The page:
worthiness in them on whom they are “ In this result, I was not disap- conferred. Because the gift of Christ pointed. When the heat of a spirit himself is the grand evidence of God's lamp was applied for a few seconds to love to sinners, incomparably greater the lead, the copper impression fell than that of authorizing the ungodly to easily off. So complete do I think this believe in Jesus, or than that of his givlatter portion of the subject, that I have ing heaven to saints.-Booth. no hesitation in asserting that fac-similes of any coin or medal, no matter of what

SALVATION. size, may be readily taken, and as sharp as the original. To further test the ca- substituted himself in the place of sin

Our Saviour, Jesus Christ, having pabilities of this method, I took a piece of lead plate, and stamped some letters ners, suffered in his own person the

punishment of sin, conformably to that rface to a depth sufficient to declaration, “ In the day that thou eatest print from when in relief. I deposited thereof, thou shalt surely die." He copper on it, and found it came easily off. "to of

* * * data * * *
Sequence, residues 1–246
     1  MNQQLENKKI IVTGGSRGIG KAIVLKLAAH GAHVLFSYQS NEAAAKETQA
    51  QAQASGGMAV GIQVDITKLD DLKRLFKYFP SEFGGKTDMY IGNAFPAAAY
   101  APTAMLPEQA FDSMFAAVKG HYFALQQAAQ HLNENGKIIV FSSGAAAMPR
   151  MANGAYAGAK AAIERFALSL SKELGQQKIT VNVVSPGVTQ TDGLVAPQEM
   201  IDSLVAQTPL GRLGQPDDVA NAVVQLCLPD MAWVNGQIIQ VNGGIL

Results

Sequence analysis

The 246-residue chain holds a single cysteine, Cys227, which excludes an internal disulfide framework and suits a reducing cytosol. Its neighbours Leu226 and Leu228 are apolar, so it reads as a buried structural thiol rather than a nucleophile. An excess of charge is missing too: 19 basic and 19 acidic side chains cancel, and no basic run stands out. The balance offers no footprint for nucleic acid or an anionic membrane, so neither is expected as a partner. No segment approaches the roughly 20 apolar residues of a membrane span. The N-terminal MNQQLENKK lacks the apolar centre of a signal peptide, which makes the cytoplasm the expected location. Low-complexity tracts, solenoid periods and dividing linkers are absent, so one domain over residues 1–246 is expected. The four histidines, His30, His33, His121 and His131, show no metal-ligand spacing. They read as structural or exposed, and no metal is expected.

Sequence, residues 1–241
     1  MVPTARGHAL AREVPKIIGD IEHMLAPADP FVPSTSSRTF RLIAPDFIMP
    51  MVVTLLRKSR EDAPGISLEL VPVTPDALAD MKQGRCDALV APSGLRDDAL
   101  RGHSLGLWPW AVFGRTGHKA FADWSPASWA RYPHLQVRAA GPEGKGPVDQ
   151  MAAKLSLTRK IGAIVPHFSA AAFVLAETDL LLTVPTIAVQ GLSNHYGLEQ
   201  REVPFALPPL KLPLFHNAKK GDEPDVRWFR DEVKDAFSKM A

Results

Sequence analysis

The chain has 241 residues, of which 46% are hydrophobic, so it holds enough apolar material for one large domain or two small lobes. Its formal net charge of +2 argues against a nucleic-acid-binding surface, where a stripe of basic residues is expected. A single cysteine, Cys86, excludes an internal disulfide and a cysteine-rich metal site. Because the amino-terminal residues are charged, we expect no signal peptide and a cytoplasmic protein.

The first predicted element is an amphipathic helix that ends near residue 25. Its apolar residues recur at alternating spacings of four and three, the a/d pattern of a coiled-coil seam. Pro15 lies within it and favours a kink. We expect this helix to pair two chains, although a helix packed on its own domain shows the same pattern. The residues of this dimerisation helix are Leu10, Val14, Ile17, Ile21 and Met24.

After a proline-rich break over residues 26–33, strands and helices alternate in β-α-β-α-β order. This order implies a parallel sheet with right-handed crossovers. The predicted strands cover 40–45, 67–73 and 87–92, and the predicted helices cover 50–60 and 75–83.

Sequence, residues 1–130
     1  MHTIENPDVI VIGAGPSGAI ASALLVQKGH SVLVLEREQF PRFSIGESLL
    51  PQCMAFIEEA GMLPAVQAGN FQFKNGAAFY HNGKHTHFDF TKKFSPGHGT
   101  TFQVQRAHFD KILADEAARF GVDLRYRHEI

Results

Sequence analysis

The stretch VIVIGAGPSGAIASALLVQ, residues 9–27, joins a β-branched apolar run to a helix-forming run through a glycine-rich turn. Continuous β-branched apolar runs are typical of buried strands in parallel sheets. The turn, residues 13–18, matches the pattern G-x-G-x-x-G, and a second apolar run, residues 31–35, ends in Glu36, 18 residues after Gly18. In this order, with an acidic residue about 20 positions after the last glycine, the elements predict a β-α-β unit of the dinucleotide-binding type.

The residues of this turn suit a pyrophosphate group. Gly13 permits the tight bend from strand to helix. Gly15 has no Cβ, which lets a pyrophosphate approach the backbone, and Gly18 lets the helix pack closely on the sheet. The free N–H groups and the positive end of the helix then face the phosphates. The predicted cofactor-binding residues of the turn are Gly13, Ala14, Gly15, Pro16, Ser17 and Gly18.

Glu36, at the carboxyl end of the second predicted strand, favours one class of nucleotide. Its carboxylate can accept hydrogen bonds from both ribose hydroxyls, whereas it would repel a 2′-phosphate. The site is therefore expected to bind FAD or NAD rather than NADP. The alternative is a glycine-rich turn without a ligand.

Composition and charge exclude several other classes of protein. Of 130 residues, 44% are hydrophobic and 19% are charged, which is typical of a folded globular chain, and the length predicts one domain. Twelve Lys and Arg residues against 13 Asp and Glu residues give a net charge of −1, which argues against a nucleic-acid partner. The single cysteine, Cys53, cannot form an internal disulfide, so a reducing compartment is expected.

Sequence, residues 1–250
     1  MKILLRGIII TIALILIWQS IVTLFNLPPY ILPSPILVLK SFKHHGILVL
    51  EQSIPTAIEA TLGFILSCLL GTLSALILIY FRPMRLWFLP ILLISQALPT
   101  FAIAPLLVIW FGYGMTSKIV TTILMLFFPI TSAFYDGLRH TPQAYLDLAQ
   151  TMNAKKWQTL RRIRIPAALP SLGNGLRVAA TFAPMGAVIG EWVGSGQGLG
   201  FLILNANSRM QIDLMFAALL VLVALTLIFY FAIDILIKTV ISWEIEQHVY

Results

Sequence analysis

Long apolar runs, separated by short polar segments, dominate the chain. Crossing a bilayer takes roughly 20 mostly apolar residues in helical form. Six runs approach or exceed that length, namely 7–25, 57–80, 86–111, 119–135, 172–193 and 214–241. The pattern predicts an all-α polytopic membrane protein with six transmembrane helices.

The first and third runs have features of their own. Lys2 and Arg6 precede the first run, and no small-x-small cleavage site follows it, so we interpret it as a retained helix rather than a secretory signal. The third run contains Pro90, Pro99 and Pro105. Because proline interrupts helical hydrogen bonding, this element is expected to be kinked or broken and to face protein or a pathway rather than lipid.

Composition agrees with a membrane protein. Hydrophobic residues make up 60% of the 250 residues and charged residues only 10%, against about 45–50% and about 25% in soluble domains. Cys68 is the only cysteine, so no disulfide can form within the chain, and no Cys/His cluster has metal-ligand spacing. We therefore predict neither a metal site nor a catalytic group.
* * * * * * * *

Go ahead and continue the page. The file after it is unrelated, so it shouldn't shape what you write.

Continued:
came forth from among the dead in my experiments on this subject. As I testimony that the threatening of God stated at first, my object was to deposit the acceptance of his sacrifice, and that

was accomplished, and as a pledge of a metallic surface on a model of clay, by his obedience

unto death Divine jus, or other non-metallic body; as, other- tice was satisfied, the law honoured and wise, I imagined the application of this principle would be extremely limited. magnified; and that eternal life was

awarded to those for whom he died, I made many experiments to achieve whose sins he had borne in his own this result which I shall not detail, but body on the tree, 1 Peter ii

. 24. He content myself with describing that was quickened by the Spirit, by whom which was ultimately the most success- he was also justified, 1 Tim. iii. 16, from ful. “I

took two models of an ornament, every charge that could be alleged one made of clay, and the other of against him

as the surety of them whose plaster of Paris; soaked them for some therefore, of his people, which includes

iniquities he bore. The justification, time in linseed oil, took them out, and not only the pardon of their sins, but suffered them to dry, first getting the also their title to the eternal inheritance, oil clean off the surface. When dry, I gave them a thin coat of mastic var- fected in his resurrection. He wrought

was begun in his death, and was pernish. When the varnish was as nearly their justification by his death ; but its dry as possible, but not thoroughly so, efficacy depended on his resurrection. I sprinkled some bronze powder on that portion I wished to make a mould By his death he paid their debt, in his of. This powder is principally com